For thirty years, drummer, author, and songwriter Neil Peart had wanted to write a book about “the biggest journey of all in my restless existence: the life of a touring musician.” Finally, the right time, and the right tour . . .
In the summer of 2004, after three decades, twenty gold albums, and thousands of performances spanning four continents, the band Rush embarked on a celebratory 30th Anniversary World Tour. The “R30” tour traveled to nine countries, where the band performed fifty-seven shows in front of more than half a million fans. Uniquely, Peart chose to do his between-show traveling by motorcycle, riding 21,000 miles of back roads and highways in North America and Europe — from Appalachian hamlets and Western deserts to Scottish castles and Alpine passes.
Roadshow illuminates the daunting rigors of a major international concert tour, as well as Peart’s exploration of the scenic byways and country towns along the way. His evocative and entertaining prose carries the reader through every performance and every journey, sharing the bittersweet reflections triggered by the endlessly unfolding landscape. Observations and reflections range from the poignantly, achingly personal to the wickedly irreverent.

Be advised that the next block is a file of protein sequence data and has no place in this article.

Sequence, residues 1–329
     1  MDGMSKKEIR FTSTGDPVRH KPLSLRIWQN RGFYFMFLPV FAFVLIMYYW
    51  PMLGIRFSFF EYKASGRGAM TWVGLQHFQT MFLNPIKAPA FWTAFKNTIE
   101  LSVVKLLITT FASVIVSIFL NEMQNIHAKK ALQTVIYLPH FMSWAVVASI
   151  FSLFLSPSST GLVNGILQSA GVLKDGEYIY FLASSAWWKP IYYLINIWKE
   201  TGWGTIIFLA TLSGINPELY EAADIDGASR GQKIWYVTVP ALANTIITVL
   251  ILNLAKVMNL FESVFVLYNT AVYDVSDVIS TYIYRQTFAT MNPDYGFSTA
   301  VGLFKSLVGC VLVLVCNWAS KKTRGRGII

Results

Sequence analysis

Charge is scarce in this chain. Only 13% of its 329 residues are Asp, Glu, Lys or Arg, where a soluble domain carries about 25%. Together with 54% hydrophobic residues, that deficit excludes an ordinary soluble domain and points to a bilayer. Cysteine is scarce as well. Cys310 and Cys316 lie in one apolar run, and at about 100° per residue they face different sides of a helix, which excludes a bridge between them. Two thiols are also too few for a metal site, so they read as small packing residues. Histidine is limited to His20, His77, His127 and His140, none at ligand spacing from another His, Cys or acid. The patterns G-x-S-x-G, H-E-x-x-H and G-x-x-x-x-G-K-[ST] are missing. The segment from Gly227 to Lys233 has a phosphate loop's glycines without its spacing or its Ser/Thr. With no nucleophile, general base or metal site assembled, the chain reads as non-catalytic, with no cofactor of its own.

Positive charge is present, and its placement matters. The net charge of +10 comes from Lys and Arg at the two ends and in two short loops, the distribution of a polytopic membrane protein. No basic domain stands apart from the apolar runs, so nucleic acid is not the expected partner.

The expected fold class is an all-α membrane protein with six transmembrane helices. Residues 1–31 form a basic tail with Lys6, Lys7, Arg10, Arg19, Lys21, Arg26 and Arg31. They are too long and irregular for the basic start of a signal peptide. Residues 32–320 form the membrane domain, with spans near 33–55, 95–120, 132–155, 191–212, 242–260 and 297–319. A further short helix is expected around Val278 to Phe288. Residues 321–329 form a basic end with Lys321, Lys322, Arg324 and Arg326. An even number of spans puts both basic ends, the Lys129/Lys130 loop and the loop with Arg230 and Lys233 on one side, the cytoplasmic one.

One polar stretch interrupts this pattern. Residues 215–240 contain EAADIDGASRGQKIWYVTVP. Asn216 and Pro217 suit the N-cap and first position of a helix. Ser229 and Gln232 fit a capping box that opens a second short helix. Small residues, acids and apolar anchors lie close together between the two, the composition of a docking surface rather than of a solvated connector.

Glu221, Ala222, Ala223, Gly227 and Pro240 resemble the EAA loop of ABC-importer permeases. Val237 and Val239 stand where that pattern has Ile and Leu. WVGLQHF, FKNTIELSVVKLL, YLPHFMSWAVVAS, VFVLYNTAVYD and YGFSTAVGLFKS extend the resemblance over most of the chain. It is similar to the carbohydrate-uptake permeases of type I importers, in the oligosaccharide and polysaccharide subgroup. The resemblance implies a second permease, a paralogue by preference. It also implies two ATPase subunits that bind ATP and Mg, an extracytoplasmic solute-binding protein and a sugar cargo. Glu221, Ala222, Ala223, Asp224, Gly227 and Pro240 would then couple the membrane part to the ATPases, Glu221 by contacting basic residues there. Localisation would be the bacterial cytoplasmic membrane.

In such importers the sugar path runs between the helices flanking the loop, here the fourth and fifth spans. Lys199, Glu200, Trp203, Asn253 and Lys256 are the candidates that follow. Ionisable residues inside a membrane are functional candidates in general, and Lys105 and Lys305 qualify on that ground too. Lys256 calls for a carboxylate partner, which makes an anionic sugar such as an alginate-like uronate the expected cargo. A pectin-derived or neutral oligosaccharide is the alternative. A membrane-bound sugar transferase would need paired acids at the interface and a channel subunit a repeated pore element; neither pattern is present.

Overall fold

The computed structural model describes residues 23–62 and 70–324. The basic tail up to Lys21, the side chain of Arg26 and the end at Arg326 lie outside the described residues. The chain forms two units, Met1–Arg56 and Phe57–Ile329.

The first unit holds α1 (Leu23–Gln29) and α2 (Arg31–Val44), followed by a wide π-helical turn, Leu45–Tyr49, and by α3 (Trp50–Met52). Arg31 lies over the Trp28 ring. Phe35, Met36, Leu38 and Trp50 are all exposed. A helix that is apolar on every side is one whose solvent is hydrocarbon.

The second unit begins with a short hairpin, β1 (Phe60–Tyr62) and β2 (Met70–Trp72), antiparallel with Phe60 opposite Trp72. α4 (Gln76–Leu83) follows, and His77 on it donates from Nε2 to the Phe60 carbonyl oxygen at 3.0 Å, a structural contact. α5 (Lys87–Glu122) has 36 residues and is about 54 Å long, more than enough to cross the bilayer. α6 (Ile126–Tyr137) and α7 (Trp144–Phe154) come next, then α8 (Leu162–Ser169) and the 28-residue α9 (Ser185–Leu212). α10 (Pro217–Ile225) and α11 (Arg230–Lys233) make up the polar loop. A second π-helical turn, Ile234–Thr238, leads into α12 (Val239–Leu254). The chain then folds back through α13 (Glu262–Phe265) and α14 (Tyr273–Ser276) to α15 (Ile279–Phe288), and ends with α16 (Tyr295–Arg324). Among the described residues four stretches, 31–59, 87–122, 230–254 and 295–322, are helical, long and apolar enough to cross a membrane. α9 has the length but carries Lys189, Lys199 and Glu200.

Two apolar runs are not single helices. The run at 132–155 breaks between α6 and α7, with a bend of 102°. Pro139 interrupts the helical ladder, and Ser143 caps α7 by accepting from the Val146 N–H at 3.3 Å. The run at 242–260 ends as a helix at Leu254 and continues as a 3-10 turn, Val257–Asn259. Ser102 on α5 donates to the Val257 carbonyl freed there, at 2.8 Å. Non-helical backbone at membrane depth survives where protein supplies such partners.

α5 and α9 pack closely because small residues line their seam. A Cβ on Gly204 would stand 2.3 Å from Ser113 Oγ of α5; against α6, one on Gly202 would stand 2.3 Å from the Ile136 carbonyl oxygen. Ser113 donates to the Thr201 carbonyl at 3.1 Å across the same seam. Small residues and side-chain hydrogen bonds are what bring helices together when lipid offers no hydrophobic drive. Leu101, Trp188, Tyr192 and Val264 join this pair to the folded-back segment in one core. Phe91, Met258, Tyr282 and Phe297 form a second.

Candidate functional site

Part behind-the-scenes memoir, part existential travelogue, Roadshow winds through nineteen countries on both sides of the Atlantic, in search of the perfect show, the perfect meal, the perfect road, and an elusive inner satisfaction that comes only with the recognition that the journey itself is the ultimate destination.
The inner workings of the tour, the people Peart works with and the people he meets, the roads and stages and ever-changing scenery — all flow into an irresistible story.
Another Peart Masterpiece
Great book, well written, loved the interesting details Neil uses to describe his destinations and travels. Good read, from one of the worlds best drummers!
It is what it is
Very easy to read and enjoyable. Basically, what I look for in a book. If you know anything about Mr. Peart and his aversion to the "Limelight," you will find nothing new about him in this book. Comical tales of the road and pretty vivid descriptions of towns and areas. I give him props, though, for the stamina he must have; riding hundreds of miles a day and then "Hitting things with sticks" for three hours a night.